Akbar’s ‘City of Victory’ stands alone on a rocky plateau overlooking fields of dust and rocks. In 1569, Akbar built Fatehpur Sikri close to the residence of Shaikh Salim Chisti, the Sufi saint who helped him produce a male heir. It remained the capital of Akbar's Mughal Empire until 1585. Today women still tie a length of wool to the marble lattice windows of the saint’s tomb, in the hope that they too will fall pregnant with a boy child.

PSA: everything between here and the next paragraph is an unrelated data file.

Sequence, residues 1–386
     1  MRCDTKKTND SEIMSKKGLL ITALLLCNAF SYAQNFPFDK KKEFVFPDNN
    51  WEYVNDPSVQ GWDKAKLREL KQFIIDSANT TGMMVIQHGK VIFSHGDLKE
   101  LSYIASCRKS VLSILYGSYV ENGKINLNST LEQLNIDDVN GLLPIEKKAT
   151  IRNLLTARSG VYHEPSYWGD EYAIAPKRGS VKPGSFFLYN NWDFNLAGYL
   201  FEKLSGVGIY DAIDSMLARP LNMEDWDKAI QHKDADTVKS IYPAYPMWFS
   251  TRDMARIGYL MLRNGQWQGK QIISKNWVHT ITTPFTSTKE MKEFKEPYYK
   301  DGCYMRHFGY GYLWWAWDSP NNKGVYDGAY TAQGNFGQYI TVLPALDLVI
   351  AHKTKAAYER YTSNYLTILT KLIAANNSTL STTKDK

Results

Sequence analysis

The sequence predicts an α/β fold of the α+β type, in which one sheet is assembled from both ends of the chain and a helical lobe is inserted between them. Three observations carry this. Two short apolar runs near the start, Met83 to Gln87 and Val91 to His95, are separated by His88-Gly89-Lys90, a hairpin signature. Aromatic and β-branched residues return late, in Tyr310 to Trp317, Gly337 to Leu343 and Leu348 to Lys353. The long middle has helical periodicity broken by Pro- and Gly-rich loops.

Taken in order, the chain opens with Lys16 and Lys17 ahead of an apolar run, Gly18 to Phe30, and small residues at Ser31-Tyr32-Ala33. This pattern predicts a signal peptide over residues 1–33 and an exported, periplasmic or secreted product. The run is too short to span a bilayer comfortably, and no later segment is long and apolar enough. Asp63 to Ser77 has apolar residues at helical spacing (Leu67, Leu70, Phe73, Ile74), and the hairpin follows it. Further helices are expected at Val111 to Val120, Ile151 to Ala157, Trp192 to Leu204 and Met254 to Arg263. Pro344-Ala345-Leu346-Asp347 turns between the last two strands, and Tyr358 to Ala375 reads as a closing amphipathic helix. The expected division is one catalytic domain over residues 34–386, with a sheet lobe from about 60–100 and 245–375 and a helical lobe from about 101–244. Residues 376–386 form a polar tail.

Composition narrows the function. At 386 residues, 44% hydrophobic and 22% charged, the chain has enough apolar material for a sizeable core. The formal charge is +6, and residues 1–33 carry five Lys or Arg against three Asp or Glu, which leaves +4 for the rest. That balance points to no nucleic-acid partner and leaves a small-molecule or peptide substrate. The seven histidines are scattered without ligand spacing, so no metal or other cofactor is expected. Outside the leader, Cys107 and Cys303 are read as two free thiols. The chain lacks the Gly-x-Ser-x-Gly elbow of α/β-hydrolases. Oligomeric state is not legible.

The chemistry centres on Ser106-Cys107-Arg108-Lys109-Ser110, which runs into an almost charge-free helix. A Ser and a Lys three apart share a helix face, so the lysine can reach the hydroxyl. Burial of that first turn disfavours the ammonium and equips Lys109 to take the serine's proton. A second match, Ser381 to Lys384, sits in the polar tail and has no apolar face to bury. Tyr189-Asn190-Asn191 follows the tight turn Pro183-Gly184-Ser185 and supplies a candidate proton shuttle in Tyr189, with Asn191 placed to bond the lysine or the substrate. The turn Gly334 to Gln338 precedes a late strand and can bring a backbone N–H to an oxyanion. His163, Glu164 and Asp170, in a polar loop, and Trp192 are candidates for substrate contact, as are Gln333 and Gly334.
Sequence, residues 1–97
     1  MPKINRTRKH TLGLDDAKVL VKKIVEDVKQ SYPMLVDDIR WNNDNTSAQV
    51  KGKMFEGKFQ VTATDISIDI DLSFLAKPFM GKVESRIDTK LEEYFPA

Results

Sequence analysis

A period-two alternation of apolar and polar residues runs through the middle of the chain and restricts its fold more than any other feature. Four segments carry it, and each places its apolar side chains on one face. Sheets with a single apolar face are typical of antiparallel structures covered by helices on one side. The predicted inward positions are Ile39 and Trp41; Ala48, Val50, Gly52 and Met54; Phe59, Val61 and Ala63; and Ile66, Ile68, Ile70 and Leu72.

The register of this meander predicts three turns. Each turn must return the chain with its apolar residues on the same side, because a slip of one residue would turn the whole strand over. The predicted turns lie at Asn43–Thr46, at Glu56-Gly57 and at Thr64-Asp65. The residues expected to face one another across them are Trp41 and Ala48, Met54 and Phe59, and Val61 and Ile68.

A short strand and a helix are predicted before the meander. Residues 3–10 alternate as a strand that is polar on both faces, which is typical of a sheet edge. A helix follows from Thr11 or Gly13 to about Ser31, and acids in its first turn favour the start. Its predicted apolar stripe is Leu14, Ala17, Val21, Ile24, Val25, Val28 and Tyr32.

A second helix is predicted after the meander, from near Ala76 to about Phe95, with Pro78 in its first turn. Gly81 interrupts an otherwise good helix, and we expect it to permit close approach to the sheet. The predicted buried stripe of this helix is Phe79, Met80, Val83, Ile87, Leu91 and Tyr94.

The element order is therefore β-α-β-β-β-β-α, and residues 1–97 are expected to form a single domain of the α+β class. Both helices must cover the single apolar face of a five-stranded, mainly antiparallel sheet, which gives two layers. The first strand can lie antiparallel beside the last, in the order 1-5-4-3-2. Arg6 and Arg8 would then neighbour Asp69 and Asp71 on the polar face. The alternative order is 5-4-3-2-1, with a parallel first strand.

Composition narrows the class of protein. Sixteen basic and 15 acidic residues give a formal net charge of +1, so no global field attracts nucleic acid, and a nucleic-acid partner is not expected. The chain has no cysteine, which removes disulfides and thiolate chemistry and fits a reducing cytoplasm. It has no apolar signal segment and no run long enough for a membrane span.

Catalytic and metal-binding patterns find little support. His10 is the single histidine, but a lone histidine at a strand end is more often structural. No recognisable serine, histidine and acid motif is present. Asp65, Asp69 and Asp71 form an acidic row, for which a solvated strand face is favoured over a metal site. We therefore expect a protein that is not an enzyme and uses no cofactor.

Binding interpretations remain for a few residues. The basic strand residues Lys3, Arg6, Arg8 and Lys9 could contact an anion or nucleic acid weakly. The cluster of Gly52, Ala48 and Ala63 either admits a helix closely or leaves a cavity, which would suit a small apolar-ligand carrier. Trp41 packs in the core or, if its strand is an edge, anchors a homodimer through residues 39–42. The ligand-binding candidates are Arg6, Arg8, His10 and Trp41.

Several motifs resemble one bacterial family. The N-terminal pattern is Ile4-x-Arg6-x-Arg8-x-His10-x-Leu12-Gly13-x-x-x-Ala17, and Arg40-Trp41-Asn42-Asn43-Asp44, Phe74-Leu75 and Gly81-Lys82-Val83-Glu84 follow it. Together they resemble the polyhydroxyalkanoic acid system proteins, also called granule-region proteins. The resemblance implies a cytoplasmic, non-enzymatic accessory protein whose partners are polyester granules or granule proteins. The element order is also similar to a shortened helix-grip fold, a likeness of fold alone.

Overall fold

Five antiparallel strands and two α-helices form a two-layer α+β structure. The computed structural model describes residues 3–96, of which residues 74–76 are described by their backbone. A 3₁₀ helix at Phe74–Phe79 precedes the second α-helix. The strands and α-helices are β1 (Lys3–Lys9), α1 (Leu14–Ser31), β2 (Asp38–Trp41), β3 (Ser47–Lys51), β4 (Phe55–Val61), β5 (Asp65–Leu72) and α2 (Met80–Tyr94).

Sculpted from blood-red sandstone, the audience halls, palaces, astronomer’s kiosk and Panch Mahal were a powerful reminder to his subjects of Akbar's strength. As masculine as the Taj is feminine, Fatehpur Sikri is an exquisite and unique example of Mughal architecture and enterprise.
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